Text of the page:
What's the story about? Post-World War II USA is hit by a meteor that wipes out Washington, DC. Along with the damage to the infrastructure, the political repercussions, thanks to the dust and water in the air, the cloud cover that settles in for years, there's a big climate change. Essentially, the clock has started ticking toward what the scientists, including the heroine, Elma York, believe could be an extinction event. Thus begins the race to get into space, to set up colonies off-world. Elma, as a WWII pilot and mathematician (think the ladies who worked as calculators in Hidden Figures), and married to the foremost rocket specialist in the country, is in the middle of it all. More than the fascinating progress of development to space flight is the battle to get the authorities (meaning the male-dominated government/space program/military) to recognize that women have just as much to contribute to the effort as men, and are just as capable as the men of handling space flight. Face it: if the Human race leaves Earth, women are going to have to go into space eventually, otherwise what's the use?

A thoroughly captivating listening experience. Try it, you'll love it. Another author whose other works I'm going to have to explore further.

Sunday, March 10, 2019

Off the Bookshelf: THE HOUSE WITH A CLOCK IN ITS WALLS, by John Bellairs

Another book read through Audible -- which makes going to the gym a whole lot easier to take, at 7 in the morning ....

I watched the movie first, so it was interesting, and sometimes a little disorienting, when things happened that didn't happen in the movie -- and vice versa. Or people showed up and did things who weren't in the book -- or weren't in the movie.

FUN book. A fast read (even though I wasn't reading, technically). Somewhat reminiscent of Harry Potter, with an orphan boy who goes to live with a relative and falls into a world of magic. But in this case, the magic is resident in the relative, instead of the relative trying to stop magic from happening. Uncle Jonathan is a lot of fun, and Mrs. Zimmerman ... well, I kept seeing Jack Black and Kate Blanchet. The narrator did a good job of changing his voice to make each speaker distinct. Our hero's cleverness makes sense. He's a boy who loves books and loves learning, so his response to problems make sense. It isn't a case of "Wesley saves the ship again," if you get the ST:NG reference. And the way he gets into trouble makes perfect sense, with all the stupidity that kids get into, especially kids who want so very much to be liked, and say things they regret very quickly, and do things they regret even more quickly ... with all the attendant consequences!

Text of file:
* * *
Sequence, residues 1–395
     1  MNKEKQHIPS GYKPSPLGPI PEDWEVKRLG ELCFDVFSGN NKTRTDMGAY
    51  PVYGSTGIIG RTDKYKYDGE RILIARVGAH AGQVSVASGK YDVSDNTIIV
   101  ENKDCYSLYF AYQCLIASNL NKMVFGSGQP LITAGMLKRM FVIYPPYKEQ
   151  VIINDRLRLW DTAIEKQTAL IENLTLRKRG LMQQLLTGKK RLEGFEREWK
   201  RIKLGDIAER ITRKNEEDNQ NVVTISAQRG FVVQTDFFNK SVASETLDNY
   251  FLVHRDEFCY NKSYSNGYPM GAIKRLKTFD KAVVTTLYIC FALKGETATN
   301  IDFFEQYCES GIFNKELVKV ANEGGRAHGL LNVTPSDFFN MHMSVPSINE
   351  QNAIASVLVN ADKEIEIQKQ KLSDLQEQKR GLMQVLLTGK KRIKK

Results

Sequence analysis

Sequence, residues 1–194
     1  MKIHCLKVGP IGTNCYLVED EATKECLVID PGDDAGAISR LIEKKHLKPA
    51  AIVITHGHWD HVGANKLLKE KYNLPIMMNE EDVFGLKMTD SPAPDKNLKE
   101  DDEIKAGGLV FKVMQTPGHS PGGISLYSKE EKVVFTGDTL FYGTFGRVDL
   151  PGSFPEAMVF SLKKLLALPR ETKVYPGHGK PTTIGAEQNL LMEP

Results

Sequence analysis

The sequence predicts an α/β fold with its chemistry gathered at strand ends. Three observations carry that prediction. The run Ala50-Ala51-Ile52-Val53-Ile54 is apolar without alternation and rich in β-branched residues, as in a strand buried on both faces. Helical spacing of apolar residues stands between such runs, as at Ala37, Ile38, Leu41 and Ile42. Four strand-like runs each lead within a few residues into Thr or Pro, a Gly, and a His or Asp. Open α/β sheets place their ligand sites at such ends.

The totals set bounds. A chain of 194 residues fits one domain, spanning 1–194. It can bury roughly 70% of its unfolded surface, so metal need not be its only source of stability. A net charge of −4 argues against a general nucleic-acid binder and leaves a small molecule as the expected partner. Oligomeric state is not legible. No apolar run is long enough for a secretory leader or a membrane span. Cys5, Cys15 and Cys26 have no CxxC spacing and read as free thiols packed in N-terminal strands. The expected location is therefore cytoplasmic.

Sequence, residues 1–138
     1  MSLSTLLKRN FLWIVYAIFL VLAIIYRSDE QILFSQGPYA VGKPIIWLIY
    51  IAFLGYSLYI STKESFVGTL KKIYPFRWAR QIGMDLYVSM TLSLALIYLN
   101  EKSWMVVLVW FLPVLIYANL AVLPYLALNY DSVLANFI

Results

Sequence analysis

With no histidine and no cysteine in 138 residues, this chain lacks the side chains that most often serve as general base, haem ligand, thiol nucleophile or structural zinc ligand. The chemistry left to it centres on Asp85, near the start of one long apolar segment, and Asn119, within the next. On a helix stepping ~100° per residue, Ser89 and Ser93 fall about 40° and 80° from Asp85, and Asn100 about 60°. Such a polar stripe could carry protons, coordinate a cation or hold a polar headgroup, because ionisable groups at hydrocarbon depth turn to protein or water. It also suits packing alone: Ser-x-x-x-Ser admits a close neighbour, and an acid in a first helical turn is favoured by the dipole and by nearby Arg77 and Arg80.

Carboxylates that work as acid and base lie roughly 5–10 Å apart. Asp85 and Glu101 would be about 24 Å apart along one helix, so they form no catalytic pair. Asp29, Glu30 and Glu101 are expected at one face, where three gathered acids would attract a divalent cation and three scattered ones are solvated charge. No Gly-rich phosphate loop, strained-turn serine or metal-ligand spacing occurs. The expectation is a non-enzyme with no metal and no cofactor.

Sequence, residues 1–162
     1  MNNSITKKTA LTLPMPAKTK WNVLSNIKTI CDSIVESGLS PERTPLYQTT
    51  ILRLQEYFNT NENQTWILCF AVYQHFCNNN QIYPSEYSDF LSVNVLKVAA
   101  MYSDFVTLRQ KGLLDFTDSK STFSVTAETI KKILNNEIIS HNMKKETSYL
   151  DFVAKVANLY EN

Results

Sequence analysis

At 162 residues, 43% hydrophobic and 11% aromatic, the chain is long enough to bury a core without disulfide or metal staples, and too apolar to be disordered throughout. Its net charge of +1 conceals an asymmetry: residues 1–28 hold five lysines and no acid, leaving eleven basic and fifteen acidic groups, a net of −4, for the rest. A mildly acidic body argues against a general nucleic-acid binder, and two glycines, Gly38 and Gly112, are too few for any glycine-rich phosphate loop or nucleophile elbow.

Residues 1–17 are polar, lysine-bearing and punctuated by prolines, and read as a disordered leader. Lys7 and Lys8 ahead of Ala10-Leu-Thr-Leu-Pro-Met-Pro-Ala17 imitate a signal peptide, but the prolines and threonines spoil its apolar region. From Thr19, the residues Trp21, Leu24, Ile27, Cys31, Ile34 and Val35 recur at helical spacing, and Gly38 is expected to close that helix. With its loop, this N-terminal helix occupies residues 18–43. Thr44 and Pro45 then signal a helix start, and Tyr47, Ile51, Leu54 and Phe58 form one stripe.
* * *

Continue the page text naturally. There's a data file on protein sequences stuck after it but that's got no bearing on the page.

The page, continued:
I will have to look for more of this author's books. And hope that my YA is as popular and fun!

Sunday, March 3, 2019

Off the Bookshelf: READY PLAYER ONE, by Ernest Cline

You can learn a lot about screenwriting by watching a movie and then reading -- or listening to -- the book the movie was based on.

My third audiobook made it a lot easier to go back to the gym on those bitterly cold Northeast Ohio winter mornings. READY PLAYER ONE varies in some noticeable ways from the movie, but the differences don't detract from either one. I can see why the screenwriters made the story changes they did. There's a lot going on in our hero Wade's head that just doesn't translate to the screen.

If you think I'm going to give any spoilers, think again. Nope, not going to tell you what changed, what Wade did in the book that happened to someone else in the movie. Just trust me on this. You'll enjoy BOTH the book and the movie.

What's it about, for those of you who have been either facing writing deadlines or thought that a book and movie about a virtual reality gaming world where an enormous fortune is up for grabs would be a boring movie (wrong-o!)?

Well ... yeah, there's this huge online world called the Oasis where you can visit thousands of worlds and become anyone, and compete in every kind of contest and game and war possible. The guy who created it has died and left his fortune and controlling share in the company that runs the Oasis as a prize in the biggest competition ever. It's gotten pretty tense, because this huge, soul-sucking corporation that wants to take over and monetize the Oasis is pretty much cheating to win. To the point they're threatening people's lives outside the Oasis, in the real world, not just slaughtering avatars.

Along comes our high school senior hero, Wade, the penniless kid who has everything stacked against him. But he's got the brains and the guts and he's willing to take the big risks. Whether the movie or the book, it's worth the time. Lots of fun, if only for the pop culture references, such as War Games and Monty Python and Ladyhawke and hundreds more. And the geek giggle, hearing the narrator, Will Wheaton, reading about a certain old geezer of an actor named ... Will Wheaton.